Macís Great Adventure

The wind was whipping up froth off the white caps in the San Juan arm of Lake Powell. It took more than the usual attention to keep the fifty nine foot houseboat on a straight path. I was enjoying the ride and the scenery when I heard someone ask about Mac.

"Has anybody seen Mac?"

Photo taken at Lake Powell

Mac is a little black Scottie dog. Several minutes passed while several of our group of twelve folks searched the houseboat for Mac. Mac was nowhere to be found. The search intensified and the conclusion reached that Mac had gone overboard. I flagged down Jerry, driving our ski boat, who had reappeared from a search for a spot to beach the houseboat for the night.

"Mac is gone! He must have gone overboard. Let a few people get on the boat with you, and see if you can find him."

Jerry pulled the ski boat up to the houseboat and we pulled him alongside. Confusion reigned as everyone realized the urgency, but no one got onto the boat with Jerry.

"Get Pat onto the ski boat. Itís her dog!"

"Where are the binoculars? Someone help hold the ski boat."

The wind was now blowing the houseboat toward the rock walls of the canyon. I had to get the houseboat turned into the wind and out away from the rock walls or the problem would become much more serious.

"Whoeverís going with Jerry has to do it now. Iíve got to get the houseboat away from the canyon wall."

Several people climbed into the ski boat. Now, itís probably appropriate to point out that Jerryís "ski boat" is ordinarily used as an ocean going fishing vessel and is powered by two big outboards. There was plenty of room for Macís rescuers. Not only that, but Michael and Judy had untied the jet ski and took off in pursuit of Mac as well.

I turned the houseboat back up the San Juan as Jerryís boat disappeared back the way we had come. I was overcome with a feeling of hopelessness for the little dog. I concentrated on battling the wind as my mind worked on the little dog. If he did manage to swim to shore, and if he did manage to find some shore line that wasnít a sheer rock wall, he would probably climb out, and head in whatever direction he was pointed. Cheryl & I used to own a Scottie, and whenever she got disoriented and couldnít see us, she just started running in whatever direction she was facing. I prayed that Mac didnít have this failing.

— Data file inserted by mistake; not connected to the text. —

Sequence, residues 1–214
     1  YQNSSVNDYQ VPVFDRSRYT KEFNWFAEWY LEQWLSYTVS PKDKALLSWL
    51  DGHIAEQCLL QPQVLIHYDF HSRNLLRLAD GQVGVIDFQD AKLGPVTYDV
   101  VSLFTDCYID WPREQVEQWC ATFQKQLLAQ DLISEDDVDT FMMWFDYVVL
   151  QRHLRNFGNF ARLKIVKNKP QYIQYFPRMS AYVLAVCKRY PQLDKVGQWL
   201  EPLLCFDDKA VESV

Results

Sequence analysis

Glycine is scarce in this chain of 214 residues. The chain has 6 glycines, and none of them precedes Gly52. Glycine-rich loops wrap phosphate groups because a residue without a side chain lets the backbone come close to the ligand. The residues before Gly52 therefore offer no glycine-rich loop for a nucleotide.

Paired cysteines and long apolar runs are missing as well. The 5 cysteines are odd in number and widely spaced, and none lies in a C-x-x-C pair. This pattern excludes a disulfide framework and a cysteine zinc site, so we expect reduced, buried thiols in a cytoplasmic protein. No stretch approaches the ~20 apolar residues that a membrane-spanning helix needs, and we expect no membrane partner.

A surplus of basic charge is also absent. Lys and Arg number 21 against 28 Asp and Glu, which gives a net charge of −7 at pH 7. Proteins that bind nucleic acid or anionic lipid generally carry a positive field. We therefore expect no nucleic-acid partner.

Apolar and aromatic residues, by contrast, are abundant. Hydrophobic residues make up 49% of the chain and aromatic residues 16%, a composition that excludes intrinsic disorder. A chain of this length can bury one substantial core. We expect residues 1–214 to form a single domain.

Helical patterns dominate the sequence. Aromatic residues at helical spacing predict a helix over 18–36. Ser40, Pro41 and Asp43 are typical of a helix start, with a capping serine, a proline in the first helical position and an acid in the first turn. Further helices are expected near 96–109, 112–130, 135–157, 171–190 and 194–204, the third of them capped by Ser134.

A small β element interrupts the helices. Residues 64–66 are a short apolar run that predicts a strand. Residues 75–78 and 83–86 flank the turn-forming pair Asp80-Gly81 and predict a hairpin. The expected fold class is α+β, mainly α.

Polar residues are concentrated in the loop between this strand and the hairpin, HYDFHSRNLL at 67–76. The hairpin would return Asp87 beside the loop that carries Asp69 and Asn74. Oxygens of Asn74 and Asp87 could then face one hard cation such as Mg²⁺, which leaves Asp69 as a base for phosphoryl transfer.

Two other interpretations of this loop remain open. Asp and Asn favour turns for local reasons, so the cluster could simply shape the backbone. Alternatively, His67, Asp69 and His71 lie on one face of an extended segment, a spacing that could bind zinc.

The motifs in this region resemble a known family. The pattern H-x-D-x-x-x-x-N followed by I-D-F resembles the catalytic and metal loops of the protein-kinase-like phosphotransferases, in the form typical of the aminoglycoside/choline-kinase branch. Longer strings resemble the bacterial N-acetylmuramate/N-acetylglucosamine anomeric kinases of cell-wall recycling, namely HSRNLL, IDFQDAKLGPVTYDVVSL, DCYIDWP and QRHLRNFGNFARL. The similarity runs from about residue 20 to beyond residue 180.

My thoughts were interrupted by screaming. I thought that the ski boat had returned with Mac. No such luck. Cheryl ran up to the front of the boat screaming that the air mattresses had blown off the roof.

Now if you have ever been on a houseboat, you just might know that the best place to sleep is on top of the houseboat. The night sky and the cool air are very compelling reasons. However, you need a good queen size air mattress. I turned the houseboat to see all three of ours skipping on the water like stones bounced by a strong armed teenager. There was no way that I could catch those mattresses with the houseboat.

Already disheartened by the loss of Mac, I turned the houseboat back. Now a new dimension entered. We had two little girls on board, and they were scared to death by all the screaming and new commotion. They had already been silently crying because Mac was lost, and now they were almost hysterical. I reassured them that we would get the mattresses, and, besides, Mac was much more important.

"Donít worry about the air mattresses. Your grandpa will be coming this way in a little while, and he will get the mattresses. Just say a prayer for Mac. We are going to find him."

The girls began to quiet down as I talked to them about prayer and the power of prayer. Now I said a prayer myself as we followed the rapidly disappearing air mattresses. I was more concerned about finding a site to beach the boat for the night before we used too much of our gas. The houseboat had two tanks, each one holding one hundred and forty five gallons. But the generator ran off the port engine, and had taken that one down to a quarter tank over the past two days. I knew that I could motor back to the Dangling Rope Marina on the starboard engine if I had to, but all that didnít matter much at this point. I thought about the sadness and gloom if Mac wasnít found.

Then I saw an amazing thing. The air mattresses had blown into a bend in the river where they were just sitting. I could go past them and someone could pick them up as we turned back into the wind.